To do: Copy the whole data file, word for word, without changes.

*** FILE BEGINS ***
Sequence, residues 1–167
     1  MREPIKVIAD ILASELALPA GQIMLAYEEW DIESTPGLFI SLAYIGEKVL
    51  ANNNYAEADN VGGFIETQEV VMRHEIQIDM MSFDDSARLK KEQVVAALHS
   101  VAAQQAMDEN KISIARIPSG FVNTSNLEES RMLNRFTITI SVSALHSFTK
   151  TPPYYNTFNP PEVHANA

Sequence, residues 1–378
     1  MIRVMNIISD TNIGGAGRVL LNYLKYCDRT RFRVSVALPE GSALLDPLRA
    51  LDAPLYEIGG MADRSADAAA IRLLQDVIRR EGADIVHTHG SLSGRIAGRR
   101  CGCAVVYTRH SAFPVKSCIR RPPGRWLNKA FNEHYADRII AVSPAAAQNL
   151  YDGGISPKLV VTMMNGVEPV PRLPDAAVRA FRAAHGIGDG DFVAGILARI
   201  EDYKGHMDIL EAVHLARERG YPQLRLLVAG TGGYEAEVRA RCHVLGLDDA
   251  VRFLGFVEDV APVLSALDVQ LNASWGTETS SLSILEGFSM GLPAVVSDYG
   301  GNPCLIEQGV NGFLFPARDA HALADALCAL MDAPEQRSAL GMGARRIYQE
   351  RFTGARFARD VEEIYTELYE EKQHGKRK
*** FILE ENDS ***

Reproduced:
Sequence, residues 1–167
     1  MREPIKVIAD ILASELALPA GQIMLAYEEW DIESTPGLFI SLAYIGEKVL
    51  ANNNYAEADN VGGFIETQEV VMRHEIQIDM MSFDDSARLK KEQVVAALHS
   101  VAAQQAMDEN KISIARIPSG FVNTSNLEES RMLNRFTITI SVSALHSFTK
   151  TPPYYNTFNP PEVHANA

Sequence, residues 1–378
     1  MIRVMNIISD TNIGGAGRVL LNYLKYCDRT RFRVSVALPE GSALLDPLRA
    51  LDAPLYEIGG MADRSADAAA IRLLQDVIRR EGADIVHTHG SLSGRIAGRR
   101  CGCAVVYTRH SAFPVKSCIR RPPGRWLNKA FNEHYADRII AVSPAAAQNL
   151  YDGGISPKLV VTMMNGVEPV PRLPDAAVRA FRAAHGIGDG DFVAGILARI
   201  EDYKGHMDIL EAVHLARERG YPQLRLLVAG TGGYEAEVRA RCHVLGLDDA
   251  VRFLGFVEDV APVLSALDVQ LNASWGTETS SLSILEGFSM GLPAVVSDYG
   301  GNPCLIEQGV NGFLFPARDA HALADALCAL MDAPEQRSAL GMGARRIYQE
   351  RFTGARFARD VEEIYTELYE EKQHGKRK